Students in Raeleen Epperson’s and Carl Adams’ biomedical science classes at Mt. Spokane High School knew they were in for a different type of classroom experience from their first week of school. Their first assignment? Discover how Anna Garcia died.
“She had a bunch of stuff wrong with her,” said freshman Carly Frank. “It was this like, CSI unit, and we had to determine how she died.”
The innovative curriculum comes from Project Lead the Way a nonprofit curriculum development organization that promotes mathematics, engineering and engineering technology courses in K-12 schools.
When Assistant Superintendent Dan Butler heard about the biomedical science course, he knew he wanted to bring it to Mead schools. Three years ago the district introduced the organization’s engineering program.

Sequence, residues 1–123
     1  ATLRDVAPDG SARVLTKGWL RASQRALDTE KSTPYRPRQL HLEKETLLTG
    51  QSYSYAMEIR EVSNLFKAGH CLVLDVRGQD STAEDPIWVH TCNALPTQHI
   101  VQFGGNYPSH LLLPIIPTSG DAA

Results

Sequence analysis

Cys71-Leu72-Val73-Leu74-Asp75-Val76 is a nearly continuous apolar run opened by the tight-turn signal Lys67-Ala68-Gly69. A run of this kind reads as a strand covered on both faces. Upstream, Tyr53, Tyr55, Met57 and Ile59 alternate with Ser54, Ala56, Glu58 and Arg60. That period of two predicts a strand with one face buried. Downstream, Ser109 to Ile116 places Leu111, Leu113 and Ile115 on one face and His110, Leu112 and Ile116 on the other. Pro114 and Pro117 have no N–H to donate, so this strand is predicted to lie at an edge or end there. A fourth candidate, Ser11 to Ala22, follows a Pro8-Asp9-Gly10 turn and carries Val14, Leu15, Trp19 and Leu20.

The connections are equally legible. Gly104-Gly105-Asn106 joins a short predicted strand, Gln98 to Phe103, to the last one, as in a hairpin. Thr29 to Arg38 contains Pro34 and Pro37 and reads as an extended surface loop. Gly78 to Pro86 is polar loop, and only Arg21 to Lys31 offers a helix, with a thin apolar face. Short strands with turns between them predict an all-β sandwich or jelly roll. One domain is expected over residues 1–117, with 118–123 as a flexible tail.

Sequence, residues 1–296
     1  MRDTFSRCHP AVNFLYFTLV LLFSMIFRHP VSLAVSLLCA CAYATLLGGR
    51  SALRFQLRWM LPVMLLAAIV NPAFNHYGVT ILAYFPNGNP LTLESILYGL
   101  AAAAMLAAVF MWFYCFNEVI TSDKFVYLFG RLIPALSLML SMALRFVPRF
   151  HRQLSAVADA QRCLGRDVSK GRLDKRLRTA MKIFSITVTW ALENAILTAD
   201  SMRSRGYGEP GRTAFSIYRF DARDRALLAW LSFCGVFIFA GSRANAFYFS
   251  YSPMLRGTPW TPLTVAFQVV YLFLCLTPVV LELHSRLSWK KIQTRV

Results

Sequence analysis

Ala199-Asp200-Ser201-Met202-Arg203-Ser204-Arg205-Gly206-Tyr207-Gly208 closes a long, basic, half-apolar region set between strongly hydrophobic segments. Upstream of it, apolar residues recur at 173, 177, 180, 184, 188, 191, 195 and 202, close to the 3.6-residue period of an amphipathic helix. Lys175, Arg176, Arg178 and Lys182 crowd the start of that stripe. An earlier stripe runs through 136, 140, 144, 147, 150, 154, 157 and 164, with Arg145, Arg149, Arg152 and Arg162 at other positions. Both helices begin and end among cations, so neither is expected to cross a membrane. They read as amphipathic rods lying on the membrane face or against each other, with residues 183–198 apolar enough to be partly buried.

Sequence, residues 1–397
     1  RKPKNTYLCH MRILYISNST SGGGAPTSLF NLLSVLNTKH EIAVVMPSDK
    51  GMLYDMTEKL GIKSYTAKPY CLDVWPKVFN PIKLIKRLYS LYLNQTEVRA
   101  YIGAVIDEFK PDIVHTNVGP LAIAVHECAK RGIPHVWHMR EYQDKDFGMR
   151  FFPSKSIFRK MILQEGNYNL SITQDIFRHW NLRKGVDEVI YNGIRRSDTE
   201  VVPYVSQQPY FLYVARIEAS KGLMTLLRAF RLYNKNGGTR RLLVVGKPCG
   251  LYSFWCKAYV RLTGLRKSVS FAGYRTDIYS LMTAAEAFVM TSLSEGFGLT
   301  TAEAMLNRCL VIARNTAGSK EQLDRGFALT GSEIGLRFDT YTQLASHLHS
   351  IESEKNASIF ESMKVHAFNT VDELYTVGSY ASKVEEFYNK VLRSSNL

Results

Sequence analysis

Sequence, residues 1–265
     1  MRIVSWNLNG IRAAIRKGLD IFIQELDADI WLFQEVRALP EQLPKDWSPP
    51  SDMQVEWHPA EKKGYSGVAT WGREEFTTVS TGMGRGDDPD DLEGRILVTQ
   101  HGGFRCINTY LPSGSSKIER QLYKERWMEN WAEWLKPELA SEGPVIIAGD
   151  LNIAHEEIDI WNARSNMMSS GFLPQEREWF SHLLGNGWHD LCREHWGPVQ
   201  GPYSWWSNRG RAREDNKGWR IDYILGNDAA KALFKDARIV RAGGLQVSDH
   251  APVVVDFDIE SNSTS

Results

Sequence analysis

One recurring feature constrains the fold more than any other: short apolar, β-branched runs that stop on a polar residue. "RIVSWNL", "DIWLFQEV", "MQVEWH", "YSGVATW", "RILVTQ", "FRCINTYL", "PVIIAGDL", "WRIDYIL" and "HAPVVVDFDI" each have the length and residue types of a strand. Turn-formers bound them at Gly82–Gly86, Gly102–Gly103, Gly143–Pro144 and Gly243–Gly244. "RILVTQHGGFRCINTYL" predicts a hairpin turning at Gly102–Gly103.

That real world application is just one of the things that make the group’s courses unique. Frank said the class was given toxicology and autopsy reports as they tried to figure out what caused Anna Garcia’s death.
“We put a bunch of theories on poster boards and argued our case before the class,” she said.
To prepare teachers to implement the program, the group partners with universities to provide training and ongoing support. Locally, Washington State University has been named an affiliate, and Sylvia Oliver is WSU’s biomedical sciences Project Lead the Way affiliate director.
“As a trained biological scientist, I’m amazed by this curriculum,” Oliver said. “It’s not only rigorous – it’s relevant. It mimics what a regular workplace, research lab or doctor’s office is like.”
Health care is a huge employer in the Spokane area, making the addition of this curriculum even more timely. Butler said, “Seventy percent of our local workforce is around biomedicine.”
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